Wildfires 101

Faced with a wildfire that started near Lake Georgetown and quickly spread west, Georgetown and Liberty Hill fire departments worked together to fight the blaze that consumed 445 acres in July during one of the driest seasons Williamson County has seen in years. And they weren’t alone—22 other agencies joined forces with the two city responders in the statewide effort.

Absolutely, without a doubt, this has been one of the driest seasons we’ve had in the last 10 years.”

Georgetown Fire Chief John Sullivan

The San Gabriel fire originated on the south side of the lake off Tower Road and took firefighters five days to extinguish due to the large area, rough terrain, and heavy vegetation. Fire departments from Leander, Round Rock, Jarrell, Cedar Park, and Hutto joined the effort, as well as area police departments, Williamson County’s sheriff’s office and EMS, Texas Parks and Wildlife, and U.S. Fish and Wildlife. “We were very fortunate with the support that came in on that fire,” Georgetown Fire Chief John Sullivan says. “Liberty Hill was where it originated, but fire knows no geographic boundaries. It doesn’t stop at the city border. It’s important to work collaboratively and collectively, because it outpaces and outscales the resources any one department has.”


Dry and windy conditions combined with everyday activities like backyard barbecues, burn pits, and spark-enhancing metal work are breeding grounds for wildfires, Chief Sullivan says. The San Gabriel fire was caused by sparks from a resident doing metal work, so he urges caution when it comes to these types of activities. “It sounds overly simple, but be aware that things are dry and be conscious of things that are hot or have the potential to cause sparks.”

Residents can take the following precautions to reduce the risk of wildfires:

Be a responsible driver: While it’s never a good time to litter, it’s especially important to avoid right now. “It’s especially horrible right now when people are discarding cigarettes on the highway. They think it’s not a big deal, but it’s precisely why we’re responding to grass fires on the freeway,” Chief Sullivan says. Drivers should also be aware of potential fire hazards created by vehicle problems. “It can happen innocently—a blown or flat tire and somebody has to pull off to the side of the road. They’ve got a hot vehicle and the grass is high. The way to mitigate a possible fire is to be hyper vigilant about your car being hot enough to cause sparks.”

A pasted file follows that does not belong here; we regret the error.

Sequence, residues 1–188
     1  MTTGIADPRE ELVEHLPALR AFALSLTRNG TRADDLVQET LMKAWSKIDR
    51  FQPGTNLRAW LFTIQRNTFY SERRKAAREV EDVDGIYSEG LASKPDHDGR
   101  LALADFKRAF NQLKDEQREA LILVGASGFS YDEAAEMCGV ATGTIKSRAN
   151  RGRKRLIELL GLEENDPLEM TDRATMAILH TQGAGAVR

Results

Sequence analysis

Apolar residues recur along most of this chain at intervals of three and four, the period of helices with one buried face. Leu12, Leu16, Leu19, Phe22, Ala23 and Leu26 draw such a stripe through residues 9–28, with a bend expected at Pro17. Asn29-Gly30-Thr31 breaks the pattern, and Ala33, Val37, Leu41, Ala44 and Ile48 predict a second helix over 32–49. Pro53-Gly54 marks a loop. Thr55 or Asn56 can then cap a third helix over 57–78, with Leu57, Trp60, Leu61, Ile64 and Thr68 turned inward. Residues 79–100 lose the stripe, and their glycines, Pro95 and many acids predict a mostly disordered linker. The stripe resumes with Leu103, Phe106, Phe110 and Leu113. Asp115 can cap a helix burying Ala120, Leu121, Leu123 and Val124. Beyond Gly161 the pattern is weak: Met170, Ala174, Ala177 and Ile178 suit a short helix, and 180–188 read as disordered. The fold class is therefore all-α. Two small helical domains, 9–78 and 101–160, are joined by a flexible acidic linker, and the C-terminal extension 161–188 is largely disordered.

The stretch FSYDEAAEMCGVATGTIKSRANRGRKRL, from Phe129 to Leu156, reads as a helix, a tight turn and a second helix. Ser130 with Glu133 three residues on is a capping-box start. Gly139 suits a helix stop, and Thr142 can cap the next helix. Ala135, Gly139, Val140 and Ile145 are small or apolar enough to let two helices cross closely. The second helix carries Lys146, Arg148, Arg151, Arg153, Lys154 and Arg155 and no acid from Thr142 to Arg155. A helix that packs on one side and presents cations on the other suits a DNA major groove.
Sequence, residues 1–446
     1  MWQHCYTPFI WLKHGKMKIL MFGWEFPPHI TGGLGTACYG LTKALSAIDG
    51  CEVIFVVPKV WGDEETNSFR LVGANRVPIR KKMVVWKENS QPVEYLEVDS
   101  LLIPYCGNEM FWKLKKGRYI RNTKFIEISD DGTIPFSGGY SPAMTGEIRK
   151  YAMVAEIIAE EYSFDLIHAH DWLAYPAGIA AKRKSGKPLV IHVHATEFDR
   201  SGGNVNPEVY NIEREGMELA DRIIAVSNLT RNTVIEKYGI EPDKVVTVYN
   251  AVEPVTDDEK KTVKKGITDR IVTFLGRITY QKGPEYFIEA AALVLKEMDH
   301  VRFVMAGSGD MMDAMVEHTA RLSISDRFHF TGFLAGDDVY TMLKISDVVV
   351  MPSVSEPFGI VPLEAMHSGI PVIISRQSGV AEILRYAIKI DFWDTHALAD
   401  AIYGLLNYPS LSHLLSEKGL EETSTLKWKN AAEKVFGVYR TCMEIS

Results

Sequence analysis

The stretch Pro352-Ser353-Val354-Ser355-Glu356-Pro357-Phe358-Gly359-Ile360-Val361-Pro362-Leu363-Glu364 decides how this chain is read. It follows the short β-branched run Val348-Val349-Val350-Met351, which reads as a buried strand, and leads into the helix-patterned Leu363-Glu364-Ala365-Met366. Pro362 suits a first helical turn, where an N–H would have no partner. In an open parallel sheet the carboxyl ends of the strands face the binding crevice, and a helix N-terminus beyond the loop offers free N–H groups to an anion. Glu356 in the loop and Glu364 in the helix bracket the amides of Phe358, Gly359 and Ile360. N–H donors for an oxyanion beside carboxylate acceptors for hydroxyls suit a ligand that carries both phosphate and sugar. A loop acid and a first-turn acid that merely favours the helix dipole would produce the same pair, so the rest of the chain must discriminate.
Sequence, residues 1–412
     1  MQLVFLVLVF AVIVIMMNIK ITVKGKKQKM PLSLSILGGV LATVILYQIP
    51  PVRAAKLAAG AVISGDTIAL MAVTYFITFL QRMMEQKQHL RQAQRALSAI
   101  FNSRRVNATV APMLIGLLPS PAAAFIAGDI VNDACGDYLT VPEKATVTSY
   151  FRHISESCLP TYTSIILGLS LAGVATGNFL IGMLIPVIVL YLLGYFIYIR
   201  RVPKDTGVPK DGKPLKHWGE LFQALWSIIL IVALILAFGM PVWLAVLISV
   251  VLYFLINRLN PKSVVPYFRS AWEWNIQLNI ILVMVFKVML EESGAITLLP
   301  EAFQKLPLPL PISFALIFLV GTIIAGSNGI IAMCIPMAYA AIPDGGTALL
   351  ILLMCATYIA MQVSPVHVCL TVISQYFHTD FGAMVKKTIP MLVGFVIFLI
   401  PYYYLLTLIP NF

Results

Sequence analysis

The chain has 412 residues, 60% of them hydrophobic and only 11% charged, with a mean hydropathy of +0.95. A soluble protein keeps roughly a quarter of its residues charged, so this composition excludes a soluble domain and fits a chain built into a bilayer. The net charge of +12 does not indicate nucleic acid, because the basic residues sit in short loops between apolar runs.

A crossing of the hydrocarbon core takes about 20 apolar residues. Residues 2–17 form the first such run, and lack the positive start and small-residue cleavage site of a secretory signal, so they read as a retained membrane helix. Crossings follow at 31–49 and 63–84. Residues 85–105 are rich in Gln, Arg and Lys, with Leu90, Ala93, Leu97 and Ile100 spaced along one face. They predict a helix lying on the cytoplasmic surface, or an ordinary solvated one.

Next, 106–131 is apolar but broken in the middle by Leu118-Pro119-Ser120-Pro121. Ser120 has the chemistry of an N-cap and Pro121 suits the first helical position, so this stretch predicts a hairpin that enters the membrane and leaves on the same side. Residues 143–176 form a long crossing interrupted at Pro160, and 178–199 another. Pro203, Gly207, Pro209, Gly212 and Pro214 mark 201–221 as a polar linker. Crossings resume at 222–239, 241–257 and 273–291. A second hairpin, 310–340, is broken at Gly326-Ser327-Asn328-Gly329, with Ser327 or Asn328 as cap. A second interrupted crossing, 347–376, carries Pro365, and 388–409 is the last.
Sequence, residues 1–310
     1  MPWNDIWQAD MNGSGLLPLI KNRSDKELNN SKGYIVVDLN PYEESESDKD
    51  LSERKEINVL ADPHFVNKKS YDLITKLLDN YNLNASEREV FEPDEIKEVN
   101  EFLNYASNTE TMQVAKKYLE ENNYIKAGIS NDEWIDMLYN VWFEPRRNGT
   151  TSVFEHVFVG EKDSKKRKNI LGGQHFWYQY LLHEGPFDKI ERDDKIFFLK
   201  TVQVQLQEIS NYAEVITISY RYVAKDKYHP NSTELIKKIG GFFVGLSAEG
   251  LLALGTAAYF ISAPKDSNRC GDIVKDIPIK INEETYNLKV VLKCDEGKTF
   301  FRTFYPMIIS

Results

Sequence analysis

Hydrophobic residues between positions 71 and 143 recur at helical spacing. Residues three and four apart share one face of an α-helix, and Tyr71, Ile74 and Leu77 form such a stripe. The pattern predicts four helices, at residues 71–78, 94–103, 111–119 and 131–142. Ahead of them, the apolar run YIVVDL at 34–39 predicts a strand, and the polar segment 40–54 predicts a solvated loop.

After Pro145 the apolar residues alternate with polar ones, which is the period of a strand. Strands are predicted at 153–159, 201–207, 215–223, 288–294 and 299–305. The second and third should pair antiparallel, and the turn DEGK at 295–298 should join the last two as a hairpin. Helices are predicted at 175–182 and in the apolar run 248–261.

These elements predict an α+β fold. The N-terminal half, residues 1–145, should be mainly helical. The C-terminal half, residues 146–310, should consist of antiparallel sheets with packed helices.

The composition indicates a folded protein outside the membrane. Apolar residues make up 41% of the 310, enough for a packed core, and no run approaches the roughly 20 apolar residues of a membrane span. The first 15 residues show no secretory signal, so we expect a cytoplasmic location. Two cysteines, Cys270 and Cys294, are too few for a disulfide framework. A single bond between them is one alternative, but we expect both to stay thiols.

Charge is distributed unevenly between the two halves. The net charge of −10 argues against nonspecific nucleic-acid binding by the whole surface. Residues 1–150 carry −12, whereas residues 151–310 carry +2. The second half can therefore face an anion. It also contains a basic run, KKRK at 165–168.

Maintain your home: Maintaining vegetation around one’s home is key to reducing the risk of wildfires. “The taller the grass is, the bigger the fire gets and farther it can travel,” Chief Sullivan says. In addition to keeping lawns mowed and trees and bushes trimmed, homeowners should reduce vegetation and backyard debris near their homes. “If you’re barbecuing in the backyard, the grass can catch fire, and if you have debris in your backyard like wood logs or a burn pit—that can catch fire, then you find your house on fire. People underestimate how quickly a fire can spread.”

Don’t burn outdoors: In June, Williamson County commissioners issued a 90-day burn ban. The ban prohibits burning combustible material outside of an enclosure; yard waste such as leaves, grass, brush, and other yard trimmings, or burning to clear land of trees, stumps, shrubbery, and other vegetation. The order urges caution when it comes to outdoor welding, cutting, or grinding, including ensuring the metal work area is free of vegetation, notifying the local fire department of planned metal work, having a fire extinguisher nearby, and inviting another person to be on the lookout for sparks that could cause a fire.

Websites with information on what to do regarding wildfires:

Scan the code to visit CalFire Ready for Wildfires, which share information about creating defensible space zones around your house.

Firewise USA (NFPA.org) has more tips on reducing wildfire risks and how other Georgetown communities can join Sun City as a Firewise site.